Some locals call it "the jewel piece of Southampton" — but Lake Agawam is very much a tarnished jewel.
Nearly every summer for two decades, the 64-acre lake has been plagued by an ugly blue-green algae. By mid-summer, most prefer to avoid it entirely, complaining that it looks like pea soup and often times smells even worse.
"It's like a toxic soupy green muck," said Janice Sherer, an adviser to residents living along the lake. She said that muck is potentially dangerous, while its presence prohibits swimming, boating and fishing at the scenic spot.
But that could change, with the help of some new technology. Last week, a new effort to rescue the lake was launched, as state environmental team installed three special devices to combat the algae.
"The hope is these ultrasonic devices will prevent the bloom from setting up," said New York State Department of Environmental Conservation researcher Jacquelin Lendrum. She said the devices transmit sound waves under the water to slow algae growth. The DEP also said it plans to add hydrogen peroxide to Lake Agawam, in an effort to further limit the spread.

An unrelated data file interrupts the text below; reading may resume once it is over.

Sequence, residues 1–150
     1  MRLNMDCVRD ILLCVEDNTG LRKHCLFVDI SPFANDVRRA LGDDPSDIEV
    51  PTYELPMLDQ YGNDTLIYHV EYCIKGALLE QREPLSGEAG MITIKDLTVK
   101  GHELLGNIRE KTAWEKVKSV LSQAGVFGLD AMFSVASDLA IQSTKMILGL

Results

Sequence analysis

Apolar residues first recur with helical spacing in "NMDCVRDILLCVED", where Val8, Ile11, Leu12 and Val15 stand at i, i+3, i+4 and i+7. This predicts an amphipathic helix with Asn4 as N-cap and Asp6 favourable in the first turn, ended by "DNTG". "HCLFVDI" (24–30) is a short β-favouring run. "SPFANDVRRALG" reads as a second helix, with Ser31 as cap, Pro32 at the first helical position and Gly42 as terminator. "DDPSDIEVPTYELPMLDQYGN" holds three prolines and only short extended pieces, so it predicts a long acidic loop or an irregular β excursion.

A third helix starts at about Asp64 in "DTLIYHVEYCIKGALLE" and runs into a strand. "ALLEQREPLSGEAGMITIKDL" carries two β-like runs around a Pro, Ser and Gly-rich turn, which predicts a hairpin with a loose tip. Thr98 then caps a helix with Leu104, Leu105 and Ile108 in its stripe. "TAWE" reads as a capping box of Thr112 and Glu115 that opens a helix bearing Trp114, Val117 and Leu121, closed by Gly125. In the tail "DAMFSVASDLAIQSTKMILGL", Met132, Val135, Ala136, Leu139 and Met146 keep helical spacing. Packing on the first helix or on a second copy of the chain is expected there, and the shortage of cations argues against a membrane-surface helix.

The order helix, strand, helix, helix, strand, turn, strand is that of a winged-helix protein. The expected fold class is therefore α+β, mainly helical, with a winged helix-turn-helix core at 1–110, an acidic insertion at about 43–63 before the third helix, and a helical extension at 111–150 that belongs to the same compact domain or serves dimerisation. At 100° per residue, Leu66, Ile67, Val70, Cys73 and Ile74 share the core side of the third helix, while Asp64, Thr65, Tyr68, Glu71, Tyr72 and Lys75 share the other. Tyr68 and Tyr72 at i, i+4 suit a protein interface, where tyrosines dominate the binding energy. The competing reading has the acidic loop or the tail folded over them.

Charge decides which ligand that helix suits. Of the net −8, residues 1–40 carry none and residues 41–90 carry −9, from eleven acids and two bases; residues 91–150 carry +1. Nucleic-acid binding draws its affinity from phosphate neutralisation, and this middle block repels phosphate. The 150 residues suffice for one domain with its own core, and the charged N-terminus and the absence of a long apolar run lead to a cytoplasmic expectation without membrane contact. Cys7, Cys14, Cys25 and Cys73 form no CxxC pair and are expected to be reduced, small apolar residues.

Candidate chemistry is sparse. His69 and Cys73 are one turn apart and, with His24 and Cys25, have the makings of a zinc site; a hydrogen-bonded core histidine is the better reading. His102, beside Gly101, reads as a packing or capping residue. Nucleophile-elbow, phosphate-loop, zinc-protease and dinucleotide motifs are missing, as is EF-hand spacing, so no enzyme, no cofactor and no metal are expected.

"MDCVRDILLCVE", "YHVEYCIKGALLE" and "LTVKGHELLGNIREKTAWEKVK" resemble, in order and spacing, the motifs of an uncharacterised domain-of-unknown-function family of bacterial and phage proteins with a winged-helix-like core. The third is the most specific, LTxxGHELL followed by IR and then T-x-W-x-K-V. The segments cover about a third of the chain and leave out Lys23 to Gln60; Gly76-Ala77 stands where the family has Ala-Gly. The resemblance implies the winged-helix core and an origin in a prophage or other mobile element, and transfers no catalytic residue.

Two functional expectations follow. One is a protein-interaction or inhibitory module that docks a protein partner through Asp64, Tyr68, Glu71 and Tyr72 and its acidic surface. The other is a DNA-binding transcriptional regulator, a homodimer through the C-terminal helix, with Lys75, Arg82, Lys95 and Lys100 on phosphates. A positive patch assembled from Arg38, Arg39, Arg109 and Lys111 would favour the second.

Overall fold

Stony Brook Marine Professor Chris Gobler in monitoring data from the project, saying that the methods being used have never been tested together before. He said success on Lake Agawam would help many other polluted Long Island lakes — which would go a long way.
"No county has more blue-green algae blooms than Suffolk County," Gobler said.
Scientists said the blooms are fed by nitrogen leaking in from the surrounding homes' underground cesspools. Updating those systems is the real long-term solution to the problem, Southampton's mayor said, but that's not an option in the present.
"That might take decades, so in the interim we can use technology," said TKTK. "We're extremely optimistic about this program."